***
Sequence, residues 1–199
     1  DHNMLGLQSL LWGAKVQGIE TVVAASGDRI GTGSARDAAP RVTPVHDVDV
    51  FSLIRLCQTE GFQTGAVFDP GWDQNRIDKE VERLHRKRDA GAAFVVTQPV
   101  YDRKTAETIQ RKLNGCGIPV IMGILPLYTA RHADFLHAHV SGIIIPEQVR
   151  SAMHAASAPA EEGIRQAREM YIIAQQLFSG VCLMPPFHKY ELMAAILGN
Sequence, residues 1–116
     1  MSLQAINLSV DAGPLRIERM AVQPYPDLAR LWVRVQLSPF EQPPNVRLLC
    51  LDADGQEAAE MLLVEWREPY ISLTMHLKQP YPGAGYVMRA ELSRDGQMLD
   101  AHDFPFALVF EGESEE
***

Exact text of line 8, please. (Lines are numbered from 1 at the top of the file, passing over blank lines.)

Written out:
    51  LDADGQEAAE MLLVEWREPY ISLTMHLKQP YPGAGYVMRA ELSRDGQMLD